I have always had an interest in writing, but more so in reading. I devoured books as a child. I sometimes even wrote stories that tended to be spin-offs from the movie I’d just watched. It was obvious these didn’t really contain any unique material or ideas! Since my stories often featured drawings as well, it wasn’t long before I realised that my skills in the latter were non-existent. This realisation usually came through the not-so-well masked facial expressions of various adults. Hence, my writings became text-only.
As a Christian missionary on Logos Hope from 2011-2013, I spent a day every two months composing my newsletters for my supporters. I tried to make sure they were thorough, colourful (with photos,) detailed and interesting. They seemed to be enthusiastically received. But I suppose that was to be expected as I’d been given training in how to write them. One point that stuck in my mind during the training was about what not to do rather than what to do. Maybe that says something about my personality, but I won’t dwell on that here…
It was mentioned in passing that we shouldn’t spend too much time detailing our personal spiritual experiences. These tend to put people off since often the reader can’t relate to them. That struck on immediate chord with me--the monotony of reading page after page of someone else’s vague encounters with God and their subsequent attempts to analyse them. I determined from the outset to try to connect with my readers by making my content as relevant as possible. I thought about what I would want to hear about if I was at home, the things I would be interested in, and, conversely, the things that would bore me or that I would skip through.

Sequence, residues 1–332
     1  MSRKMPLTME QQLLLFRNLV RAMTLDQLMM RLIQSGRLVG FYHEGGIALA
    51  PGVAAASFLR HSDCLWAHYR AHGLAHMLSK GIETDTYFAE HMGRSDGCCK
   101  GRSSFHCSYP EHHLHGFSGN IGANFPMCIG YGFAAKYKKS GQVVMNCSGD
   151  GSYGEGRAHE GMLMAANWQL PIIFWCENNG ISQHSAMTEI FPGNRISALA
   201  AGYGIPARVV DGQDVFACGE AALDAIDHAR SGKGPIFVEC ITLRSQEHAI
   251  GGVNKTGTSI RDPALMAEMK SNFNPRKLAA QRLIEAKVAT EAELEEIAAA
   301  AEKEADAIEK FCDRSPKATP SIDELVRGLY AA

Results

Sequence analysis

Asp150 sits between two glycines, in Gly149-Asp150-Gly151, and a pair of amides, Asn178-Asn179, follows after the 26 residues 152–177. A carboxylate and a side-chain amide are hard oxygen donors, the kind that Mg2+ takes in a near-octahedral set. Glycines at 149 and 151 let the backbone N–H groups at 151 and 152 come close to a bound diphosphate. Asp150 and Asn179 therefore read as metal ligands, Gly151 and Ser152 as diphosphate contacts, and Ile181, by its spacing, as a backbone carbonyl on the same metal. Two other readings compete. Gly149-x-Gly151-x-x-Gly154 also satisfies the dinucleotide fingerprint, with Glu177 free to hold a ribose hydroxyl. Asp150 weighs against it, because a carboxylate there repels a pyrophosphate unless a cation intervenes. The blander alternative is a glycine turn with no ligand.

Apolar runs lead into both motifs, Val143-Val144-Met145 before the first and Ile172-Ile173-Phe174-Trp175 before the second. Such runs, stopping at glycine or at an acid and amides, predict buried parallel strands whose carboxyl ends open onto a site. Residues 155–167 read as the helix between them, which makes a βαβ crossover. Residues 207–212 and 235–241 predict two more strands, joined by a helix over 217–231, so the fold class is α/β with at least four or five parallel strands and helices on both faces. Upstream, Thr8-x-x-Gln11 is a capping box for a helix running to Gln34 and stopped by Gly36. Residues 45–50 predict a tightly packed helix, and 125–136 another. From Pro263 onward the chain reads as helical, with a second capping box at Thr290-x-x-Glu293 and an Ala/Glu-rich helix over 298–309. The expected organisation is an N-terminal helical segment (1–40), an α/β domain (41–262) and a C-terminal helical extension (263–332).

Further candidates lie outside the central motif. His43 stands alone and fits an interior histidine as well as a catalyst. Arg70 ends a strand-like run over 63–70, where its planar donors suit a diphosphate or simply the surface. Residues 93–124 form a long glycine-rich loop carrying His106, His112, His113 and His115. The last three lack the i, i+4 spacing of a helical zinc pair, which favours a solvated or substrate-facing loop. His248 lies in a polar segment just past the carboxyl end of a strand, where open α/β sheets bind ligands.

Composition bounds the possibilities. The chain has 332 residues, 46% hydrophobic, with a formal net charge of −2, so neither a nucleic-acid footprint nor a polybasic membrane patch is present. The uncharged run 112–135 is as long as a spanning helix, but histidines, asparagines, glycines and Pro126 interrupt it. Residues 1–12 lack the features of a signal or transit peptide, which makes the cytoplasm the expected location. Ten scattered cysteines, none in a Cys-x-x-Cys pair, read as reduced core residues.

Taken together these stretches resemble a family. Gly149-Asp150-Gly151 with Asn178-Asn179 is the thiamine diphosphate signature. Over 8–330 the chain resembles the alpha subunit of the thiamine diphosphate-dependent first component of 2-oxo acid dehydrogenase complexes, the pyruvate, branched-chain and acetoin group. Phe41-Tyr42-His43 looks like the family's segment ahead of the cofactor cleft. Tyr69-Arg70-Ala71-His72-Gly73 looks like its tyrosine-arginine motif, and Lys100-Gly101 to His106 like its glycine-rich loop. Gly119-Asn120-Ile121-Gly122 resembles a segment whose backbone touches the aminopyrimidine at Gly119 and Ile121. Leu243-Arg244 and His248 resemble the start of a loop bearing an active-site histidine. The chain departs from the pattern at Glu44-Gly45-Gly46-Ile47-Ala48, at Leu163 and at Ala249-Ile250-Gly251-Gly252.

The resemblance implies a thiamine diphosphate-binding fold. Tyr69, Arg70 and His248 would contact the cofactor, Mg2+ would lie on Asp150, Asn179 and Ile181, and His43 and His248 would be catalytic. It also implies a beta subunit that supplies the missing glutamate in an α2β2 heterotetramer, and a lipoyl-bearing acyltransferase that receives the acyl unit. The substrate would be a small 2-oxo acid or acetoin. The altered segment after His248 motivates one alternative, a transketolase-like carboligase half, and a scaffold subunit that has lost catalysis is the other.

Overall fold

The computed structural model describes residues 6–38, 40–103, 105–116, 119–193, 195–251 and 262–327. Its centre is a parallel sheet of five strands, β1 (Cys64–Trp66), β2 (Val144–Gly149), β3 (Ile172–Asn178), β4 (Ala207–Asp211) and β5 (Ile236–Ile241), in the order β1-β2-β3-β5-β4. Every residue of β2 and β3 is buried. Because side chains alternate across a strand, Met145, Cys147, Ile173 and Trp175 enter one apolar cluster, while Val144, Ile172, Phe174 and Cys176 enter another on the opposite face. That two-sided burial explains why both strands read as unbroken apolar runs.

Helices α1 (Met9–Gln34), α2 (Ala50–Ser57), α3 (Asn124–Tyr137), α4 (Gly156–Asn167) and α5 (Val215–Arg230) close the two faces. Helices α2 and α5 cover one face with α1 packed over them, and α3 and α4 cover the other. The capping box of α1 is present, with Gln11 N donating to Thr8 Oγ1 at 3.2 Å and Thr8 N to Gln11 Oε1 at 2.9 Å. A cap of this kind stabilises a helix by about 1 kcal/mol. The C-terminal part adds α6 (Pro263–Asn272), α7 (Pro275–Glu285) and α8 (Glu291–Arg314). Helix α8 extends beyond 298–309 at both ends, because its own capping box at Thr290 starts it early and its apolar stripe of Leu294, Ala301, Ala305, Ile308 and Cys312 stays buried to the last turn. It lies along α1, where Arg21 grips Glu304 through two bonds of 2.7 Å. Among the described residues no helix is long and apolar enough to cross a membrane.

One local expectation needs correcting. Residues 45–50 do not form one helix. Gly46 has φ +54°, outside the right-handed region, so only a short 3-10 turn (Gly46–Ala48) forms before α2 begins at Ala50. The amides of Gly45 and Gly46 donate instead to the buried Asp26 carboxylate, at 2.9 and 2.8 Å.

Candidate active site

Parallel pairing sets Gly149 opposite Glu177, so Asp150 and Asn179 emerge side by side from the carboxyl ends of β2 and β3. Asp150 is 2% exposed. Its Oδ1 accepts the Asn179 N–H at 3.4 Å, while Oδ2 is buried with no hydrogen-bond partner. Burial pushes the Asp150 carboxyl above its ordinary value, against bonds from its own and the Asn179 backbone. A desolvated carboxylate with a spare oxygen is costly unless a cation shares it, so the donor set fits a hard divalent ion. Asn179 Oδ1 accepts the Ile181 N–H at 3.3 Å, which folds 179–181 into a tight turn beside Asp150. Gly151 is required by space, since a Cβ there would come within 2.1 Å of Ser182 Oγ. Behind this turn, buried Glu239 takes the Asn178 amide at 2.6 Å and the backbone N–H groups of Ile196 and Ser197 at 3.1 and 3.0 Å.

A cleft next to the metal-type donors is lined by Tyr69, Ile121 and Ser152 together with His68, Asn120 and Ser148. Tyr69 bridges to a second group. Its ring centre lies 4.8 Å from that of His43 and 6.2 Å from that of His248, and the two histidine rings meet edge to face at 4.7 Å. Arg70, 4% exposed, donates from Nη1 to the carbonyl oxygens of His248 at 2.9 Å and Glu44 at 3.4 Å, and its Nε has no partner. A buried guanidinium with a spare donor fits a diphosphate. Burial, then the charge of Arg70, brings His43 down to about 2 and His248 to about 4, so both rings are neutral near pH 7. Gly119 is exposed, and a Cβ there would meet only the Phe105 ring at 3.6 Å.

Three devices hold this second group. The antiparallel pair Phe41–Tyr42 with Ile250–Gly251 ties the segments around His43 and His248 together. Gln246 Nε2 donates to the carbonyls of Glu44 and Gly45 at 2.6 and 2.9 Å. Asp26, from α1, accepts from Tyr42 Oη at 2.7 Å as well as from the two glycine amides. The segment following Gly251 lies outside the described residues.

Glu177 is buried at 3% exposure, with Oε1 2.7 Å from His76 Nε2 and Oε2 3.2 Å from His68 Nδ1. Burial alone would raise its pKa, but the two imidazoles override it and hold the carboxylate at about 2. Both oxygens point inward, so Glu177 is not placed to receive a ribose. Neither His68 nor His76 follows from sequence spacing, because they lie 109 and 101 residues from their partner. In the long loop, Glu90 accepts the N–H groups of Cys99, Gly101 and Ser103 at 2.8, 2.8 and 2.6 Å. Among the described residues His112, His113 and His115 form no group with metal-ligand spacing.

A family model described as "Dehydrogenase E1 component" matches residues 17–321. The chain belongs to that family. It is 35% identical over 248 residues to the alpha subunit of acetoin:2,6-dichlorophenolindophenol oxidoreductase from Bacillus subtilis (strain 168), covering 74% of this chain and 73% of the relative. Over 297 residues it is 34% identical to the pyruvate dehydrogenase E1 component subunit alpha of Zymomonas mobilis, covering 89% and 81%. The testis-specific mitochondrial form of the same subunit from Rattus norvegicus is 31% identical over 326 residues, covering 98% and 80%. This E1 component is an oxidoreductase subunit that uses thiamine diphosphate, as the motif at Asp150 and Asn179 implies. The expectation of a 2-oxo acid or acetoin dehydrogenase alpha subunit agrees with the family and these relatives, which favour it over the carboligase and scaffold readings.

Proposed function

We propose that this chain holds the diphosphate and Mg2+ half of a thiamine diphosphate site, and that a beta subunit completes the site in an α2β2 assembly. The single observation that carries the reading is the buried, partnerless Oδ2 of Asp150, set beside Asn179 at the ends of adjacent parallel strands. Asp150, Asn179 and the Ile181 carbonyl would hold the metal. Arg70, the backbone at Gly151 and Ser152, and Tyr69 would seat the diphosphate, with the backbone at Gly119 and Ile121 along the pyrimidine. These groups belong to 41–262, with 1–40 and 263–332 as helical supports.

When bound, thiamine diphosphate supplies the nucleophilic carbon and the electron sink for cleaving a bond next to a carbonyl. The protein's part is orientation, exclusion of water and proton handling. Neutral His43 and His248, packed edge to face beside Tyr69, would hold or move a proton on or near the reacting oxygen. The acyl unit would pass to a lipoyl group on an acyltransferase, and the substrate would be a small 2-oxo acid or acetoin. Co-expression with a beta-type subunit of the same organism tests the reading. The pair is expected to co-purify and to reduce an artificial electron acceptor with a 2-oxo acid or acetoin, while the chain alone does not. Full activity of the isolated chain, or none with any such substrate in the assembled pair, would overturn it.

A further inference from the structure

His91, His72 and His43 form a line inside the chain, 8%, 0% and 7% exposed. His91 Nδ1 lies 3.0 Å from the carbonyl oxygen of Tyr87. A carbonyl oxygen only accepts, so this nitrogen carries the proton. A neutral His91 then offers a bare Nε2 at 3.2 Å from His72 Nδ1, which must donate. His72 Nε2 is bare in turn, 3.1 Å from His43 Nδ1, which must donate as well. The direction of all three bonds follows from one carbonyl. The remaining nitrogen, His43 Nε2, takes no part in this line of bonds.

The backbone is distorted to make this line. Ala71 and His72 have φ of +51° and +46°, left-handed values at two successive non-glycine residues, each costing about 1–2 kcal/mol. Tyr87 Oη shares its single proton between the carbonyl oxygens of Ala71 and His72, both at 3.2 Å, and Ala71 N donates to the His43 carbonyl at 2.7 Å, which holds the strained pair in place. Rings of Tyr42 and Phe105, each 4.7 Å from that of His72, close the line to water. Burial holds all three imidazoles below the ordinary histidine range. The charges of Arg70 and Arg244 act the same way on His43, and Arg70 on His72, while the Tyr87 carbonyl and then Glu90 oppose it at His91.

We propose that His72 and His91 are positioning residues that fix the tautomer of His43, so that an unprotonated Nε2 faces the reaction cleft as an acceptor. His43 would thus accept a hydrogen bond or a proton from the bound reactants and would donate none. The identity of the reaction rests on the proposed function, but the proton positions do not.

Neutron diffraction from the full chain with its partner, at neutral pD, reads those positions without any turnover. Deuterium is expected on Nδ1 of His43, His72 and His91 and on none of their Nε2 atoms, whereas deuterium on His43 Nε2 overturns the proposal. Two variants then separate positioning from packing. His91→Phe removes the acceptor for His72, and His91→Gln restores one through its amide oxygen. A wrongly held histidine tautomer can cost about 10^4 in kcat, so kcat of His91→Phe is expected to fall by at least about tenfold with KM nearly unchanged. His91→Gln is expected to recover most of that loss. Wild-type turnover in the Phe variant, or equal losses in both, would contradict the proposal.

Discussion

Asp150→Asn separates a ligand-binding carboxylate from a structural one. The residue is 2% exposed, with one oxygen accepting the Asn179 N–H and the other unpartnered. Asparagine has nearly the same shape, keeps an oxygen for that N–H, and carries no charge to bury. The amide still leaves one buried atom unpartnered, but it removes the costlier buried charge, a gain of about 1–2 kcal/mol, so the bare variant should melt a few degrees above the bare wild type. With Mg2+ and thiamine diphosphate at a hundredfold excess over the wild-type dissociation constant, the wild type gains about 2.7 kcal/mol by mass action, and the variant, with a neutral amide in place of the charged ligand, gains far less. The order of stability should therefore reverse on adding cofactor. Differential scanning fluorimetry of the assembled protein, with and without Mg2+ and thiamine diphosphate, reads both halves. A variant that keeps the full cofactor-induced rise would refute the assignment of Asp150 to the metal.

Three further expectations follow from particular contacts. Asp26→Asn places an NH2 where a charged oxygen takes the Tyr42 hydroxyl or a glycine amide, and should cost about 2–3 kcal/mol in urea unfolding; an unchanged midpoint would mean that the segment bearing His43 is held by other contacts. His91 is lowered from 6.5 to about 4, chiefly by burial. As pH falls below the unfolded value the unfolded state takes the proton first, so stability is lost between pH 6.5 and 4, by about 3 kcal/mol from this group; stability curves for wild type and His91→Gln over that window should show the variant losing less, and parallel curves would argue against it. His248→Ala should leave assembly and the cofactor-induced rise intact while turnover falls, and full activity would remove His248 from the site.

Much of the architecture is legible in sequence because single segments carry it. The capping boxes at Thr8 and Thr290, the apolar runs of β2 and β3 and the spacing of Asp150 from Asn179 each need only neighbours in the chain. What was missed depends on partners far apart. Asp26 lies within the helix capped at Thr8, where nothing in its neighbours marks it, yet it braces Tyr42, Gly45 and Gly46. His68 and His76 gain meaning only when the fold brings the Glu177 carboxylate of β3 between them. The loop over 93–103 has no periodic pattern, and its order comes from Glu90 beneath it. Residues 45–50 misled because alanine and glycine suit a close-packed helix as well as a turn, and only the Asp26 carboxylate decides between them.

People do want to know that their missionaries are trusting God and learning through their experiences on the field. But they don’t need the spiritual lessons spelled out for them in tedious detail. These lessons are easily evidenced through the way missionaries deal with everyday events. A Bible verse at the top of the page or a list of prayer points typically suffice. Lessons learned don’t need to be proved via lengthy spiritually-sounding explanations that risk sending even the most faithful supporters off into a deep snooze.
Why do some missionaries suddenly lapse into church or “God-speak” in their newsletters? Words that long ago ceased to be used in everyday conversation suddenly make a reappearance. I’ve also noticed how missionaries seem to forget their sense of humour. Cross-cultural missions create some of the most amusing situations that exist on earth. It’s inevitable with the clash of people groups. And that’s before we consider bringing a new and potentially threatening religion into the mix! Maybe some people raised their eyebrows at the presence of my “Humour/Cultural” box. But many enjoyed it, making comments to the effect that it really helped them understand some of the dynamics I faced on a daily basis.